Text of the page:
Growing teens are often plagued with skin conditions. It is in puberty that breakouts usually happen due to hormonal changes. But some skin troubles are more serious than meets the eye, having underlying causes that may lead to life-debilitating illnesses if left untreated. Such is the case of acanthosis nigricans. The thickened dark skin patches that usually show up at the sides and back of the neck, elbows, armpits, knuckles, and groin may be a sign of prediabetes. It should be treated early and effectively not only because it could look unsightly, warty and dirty, but also because it indicates a major health condition.
It should be clear, though, that it is not only teens and growing children at risk for acanthosis nigricans. It may become visible around that age if the child is overweight or has a family history of diabetes. But it may also show up at any age, affecting both men and women, depending on what cause is behind its appearance.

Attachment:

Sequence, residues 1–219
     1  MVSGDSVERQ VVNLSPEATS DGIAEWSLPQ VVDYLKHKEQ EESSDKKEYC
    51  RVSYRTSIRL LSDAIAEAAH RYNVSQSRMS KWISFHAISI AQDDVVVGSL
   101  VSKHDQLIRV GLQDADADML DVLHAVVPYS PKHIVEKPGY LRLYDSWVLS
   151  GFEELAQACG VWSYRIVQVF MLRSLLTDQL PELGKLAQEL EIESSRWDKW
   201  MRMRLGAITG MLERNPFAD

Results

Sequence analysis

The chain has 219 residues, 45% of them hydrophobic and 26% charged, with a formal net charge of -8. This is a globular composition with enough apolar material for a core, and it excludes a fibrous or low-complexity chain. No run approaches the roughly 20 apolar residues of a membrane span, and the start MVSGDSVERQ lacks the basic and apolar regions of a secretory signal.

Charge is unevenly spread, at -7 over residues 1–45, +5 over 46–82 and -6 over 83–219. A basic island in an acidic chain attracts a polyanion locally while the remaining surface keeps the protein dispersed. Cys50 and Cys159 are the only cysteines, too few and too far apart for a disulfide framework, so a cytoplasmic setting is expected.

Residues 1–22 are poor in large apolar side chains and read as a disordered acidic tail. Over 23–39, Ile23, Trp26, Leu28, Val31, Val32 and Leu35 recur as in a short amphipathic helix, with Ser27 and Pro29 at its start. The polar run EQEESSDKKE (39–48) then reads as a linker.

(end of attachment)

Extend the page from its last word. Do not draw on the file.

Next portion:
There are several causes associated with acanthosis nigricans, and they include the following:
High Blood Insulin Levels
Acanthosis Nigricans is most common among people whose insulin levels are uncontrollably high. This condition is called insulin resistance or hyperinsulinemia. It is when the blood insulin levels are higher than average. As it is, insulin resistance is not yet considered diabetes, although it is often associated with type 2 diabetes. However, the existence of such a condition may eventually lead to the development of the illness.
Hyperinsulinemia happens when the body does not respond to the effects of insulin or the hormone produced by the pancreas. When this happens, the pancreas work double, producing more insulin to compensate for what the body detects as a shortage, keeping them constantly high.
One of the most common signs or symptoms of hyperinsulinemia is acanthosis nigricans. That’s why when the dark, velvety, and sometimes itchy skin patches begin to appear, people are inclined to have themselves checked for diabetes. Typically, they would go through a round of tests to diagnose where the problem is coming from. Because, like acanthosis nigricans, the overproduction of insulin can be due to an underlying cause.